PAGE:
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Engineering alumnus partners with college researchers to build better graphene-based aircraft batteries for NASA

Story by
Trisha Radulovich
foo moye and zhang
(Left to right): Simon Foo, Ph.D., electrical engineering faculty researcher at the FAMU-FSU College of Engineering; Davis George Moye, founder of Moye Consultants and an alumnus; and Mei Zhang, Ph.D., industrial and manufacturing engineering faculty researcher also at the college, are collaborating to build better graphene-based aircraft batteries for NASA. (M Wallheiser/FAMU-FSU Engineering)

Moye Consultants is partnering with researchers at the FAMU-FSU College of Engineering to make more efficient graphene-based aircraft batteries. The collaboration is part of a NASA initiative to foster partnerships between minority institutions and small businesses. 

“For years, NASA has wanted to electrify, or at least partially electrify aviation of all shapes and forms,” Davis George Moye, founder of Moye Consultants said. “By taking the lead, NASA hopes to find low carbon options for industries that historically produce a lot of carbon emissions, such as aviation.”

Florida A&M University’s (FAMU) proposal via the joint college for graphene-based aircraft batteries was one of 11 minority-serving institutions selected for the NASA-Minority Serving Institutions (MSIs) and Small Business Technology Transfer Research (STTR) grant. The projects receive up to $50,000 and last for four months. 

Simon Foo, a professor in electrical and computer engineering, and Mei Zhang, a professor in industrial and manufacturing engineering at the FAMU-FSU College of Engineering, are co-principal investigators on the grant. They are working with Moye, who is an alumnus from the college.

Foo and Zhang want to develop a lithium-ion battery (LIB) using graphene-based negative electrodes. The electrodes are synthesized from a graphene nanoribbon material developed by Zhang and other High-Performance Materials Institute (HPMI) researchers. They are also looking at materials that use polyamide-based graphene. The materials have unique properties, which make them ideal for use in batteries for aircraft. 

“The material we are testing will enable lithium-ion batteries to exceed the specific energy goals NASA has determined for commercial batteries to make electric aviation a reality,” Foo said. “By employing graphene chemistry into these batteries, we can double or even triple the energy they can store.”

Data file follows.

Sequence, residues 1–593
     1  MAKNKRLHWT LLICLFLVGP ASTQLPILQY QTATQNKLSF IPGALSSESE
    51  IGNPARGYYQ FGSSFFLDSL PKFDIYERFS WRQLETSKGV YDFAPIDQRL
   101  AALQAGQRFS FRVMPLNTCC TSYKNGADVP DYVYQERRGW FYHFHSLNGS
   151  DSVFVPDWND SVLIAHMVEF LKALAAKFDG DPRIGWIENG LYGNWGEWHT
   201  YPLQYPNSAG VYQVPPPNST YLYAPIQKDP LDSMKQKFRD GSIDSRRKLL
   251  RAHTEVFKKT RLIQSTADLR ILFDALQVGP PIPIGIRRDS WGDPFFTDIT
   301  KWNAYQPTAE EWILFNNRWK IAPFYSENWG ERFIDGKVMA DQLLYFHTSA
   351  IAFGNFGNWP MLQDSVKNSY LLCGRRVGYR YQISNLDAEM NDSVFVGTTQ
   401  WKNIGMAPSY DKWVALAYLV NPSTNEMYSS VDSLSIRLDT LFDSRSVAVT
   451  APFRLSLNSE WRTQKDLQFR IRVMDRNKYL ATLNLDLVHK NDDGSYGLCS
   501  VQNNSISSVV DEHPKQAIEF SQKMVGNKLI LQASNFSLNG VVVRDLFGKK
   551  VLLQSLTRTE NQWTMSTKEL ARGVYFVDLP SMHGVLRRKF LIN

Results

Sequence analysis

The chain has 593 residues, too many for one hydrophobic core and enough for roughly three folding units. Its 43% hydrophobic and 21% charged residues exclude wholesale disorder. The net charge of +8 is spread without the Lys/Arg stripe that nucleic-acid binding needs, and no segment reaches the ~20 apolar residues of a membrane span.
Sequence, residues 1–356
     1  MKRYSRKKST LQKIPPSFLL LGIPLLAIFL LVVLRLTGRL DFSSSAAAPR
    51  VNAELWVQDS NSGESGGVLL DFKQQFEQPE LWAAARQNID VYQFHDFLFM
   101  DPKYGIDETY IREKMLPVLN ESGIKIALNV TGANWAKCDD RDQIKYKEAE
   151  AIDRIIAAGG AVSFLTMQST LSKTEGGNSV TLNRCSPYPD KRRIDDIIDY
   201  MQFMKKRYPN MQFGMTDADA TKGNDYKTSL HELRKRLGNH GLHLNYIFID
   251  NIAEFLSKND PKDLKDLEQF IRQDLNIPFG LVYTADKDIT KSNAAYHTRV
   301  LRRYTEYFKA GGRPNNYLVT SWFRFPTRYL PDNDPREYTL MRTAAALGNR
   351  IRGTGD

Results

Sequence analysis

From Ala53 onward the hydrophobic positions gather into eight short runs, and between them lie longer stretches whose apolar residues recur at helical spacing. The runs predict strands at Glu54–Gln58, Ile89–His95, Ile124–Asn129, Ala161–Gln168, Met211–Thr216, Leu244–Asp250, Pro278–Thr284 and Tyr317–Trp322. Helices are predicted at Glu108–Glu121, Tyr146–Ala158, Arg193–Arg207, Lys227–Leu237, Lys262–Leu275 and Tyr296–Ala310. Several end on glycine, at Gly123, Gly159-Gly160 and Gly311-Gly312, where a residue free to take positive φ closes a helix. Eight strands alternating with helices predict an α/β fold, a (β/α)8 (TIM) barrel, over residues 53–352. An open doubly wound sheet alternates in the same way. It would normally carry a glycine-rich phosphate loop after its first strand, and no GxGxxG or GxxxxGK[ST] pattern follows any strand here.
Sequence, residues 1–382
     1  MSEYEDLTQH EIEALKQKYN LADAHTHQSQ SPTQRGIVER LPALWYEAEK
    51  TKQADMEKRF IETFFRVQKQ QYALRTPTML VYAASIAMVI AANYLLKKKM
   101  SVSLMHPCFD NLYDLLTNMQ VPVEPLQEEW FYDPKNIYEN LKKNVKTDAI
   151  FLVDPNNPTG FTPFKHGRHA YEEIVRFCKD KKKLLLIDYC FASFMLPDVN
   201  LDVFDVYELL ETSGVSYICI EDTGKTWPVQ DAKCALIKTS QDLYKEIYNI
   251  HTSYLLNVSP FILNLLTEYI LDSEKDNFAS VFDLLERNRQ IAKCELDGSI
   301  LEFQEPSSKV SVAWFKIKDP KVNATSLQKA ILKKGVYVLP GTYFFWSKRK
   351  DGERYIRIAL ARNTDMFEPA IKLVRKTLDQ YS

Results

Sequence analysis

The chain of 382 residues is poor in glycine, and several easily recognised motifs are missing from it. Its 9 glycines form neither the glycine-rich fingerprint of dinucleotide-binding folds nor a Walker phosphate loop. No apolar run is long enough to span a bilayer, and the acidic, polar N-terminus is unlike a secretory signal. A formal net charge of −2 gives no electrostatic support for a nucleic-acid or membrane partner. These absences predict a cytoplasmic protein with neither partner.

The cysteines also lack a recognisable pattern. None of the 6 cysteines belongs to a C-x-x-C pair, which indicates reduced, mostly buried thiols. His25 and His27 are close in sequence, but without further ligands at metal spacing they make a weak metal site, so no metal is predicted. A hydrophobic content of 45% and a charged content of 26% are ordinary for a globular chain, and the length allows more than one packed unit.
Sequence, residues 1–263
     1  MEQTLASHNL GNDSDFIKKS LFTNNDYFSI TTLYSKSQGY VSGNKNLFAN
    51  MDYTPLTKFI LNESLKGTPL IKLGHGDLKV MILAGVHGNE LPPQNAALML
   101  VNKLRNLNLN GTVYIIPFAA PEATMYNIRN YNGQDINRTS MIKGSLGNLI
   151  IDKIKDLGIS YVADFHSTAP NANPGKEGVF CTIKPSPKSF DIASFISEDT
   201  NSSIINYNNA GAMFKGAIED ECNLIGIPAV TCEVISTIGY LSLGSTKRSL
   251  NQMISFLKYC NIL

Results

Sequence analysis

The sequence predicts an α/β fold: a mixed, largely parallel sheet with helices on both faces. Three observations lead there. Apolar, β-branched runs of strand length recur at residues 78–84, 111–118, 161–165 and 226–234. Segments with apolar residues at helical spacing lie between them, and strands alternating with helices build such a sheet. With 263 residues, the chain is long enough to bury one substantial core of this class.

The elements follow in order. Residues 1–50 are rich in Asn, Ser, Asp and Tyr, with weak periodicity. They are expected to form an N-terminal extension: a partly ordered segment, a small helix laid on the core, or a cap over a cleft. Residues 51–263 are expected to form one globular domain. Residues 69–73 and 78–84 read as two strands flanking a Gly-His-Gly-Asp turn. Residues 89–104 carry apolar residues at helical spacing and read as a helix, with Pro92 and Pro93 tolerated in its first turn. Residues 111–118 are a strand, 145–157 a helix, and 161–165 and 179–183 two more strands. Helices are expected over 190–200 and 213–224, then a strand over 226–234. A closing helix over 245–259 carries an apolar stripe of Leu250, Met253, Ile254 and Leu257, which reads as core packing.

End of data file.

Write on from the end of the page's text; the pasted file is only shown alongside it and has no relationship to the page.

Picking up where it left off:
NASA is interested in energy storage for nano-unmanned aerial systems because they require high energy capacity and long cycle life. Other government entities are interested in the technology as well. For example, the U.S. Army uses drones for military missions to protect soldiers’ lives. 

Foo explains, “Graphene batteries can provide better chemical stability, higher electrical conductivity, and higher energy capacity, thus allowing for faster cycle times and increased electrode density. They also have the ability to retain the charge longer, improving the lifespan of the battery.”

“In a technical sense, the conductive network formed by graphene can improve the electron and ion transportation of the electrode materials,” Foo said. “This subsequently enhances lithium-ion battery's properties.”

The researchers hope the graphene nanoribbon electrodes will produce batteries with more power by handling high current and will have a longer, maximized cycle life. 

Moye’s company provides a software program that tests the materials researchers use to develop batteries. The entrepreneur received his juris doctorate in law from Florida State University (FSU) in 2015 and later came back to finish his Ph.D. in electrical engineering at the FAMU-FSU College of Engineering in 2019. 

Moye developed the Simultaneous Battery and Capacitor Design Tool (SiMod) a software program specific to battery and supercapacitor research. He will perform much of the battery design work for the team. His wide range of experience includes experience with the U.S. Navy as the electrical officer on a destroyer. He is currently a commander in the Navy Reserves.

Before founding his company, Moye worked for General Capacitor where he managed $3.5 million in research and development projects to develop lithium-ion capacitor technology. That’s where he learned about the importance of prototyping.

“When I was working at General Capacitor, customers wanted narrowly-tailored energy storage devices for their products,” Moye said. “It took a lot of prototyping to get their product just right. It was a costly, time-consuming process so I developed a computer model that reduced the number of prototypes needed to design of lithium-ion capacitors. After General Capacitor closed, I continued working on the program and started my own company.”

Foo and Zhang will be using the model Moye developed to quantify the performance of the battery. The researchers also use an algorithm Moye Consultants developed to look at the battery’s degradation. Once they have an optimal design, they can prototype this optimal battery design and analyze its specific energy capability.

“FAMU-FSU College of Engineering has patented a processing method for graphene nanoribbons that is cheaper to synthesize and easier to control during fabrication,” Foo said. “We anticipate the graphene nanoribbon-based lithium-ion battery can handle more power than other batteries on the market.”

Small businesses must partner with U.S.-based research institutions to apply for funding from the NASA STTR program. The grant is the first phase in a process that supports collaboration between entrepreneurs and minority-serving research institutions.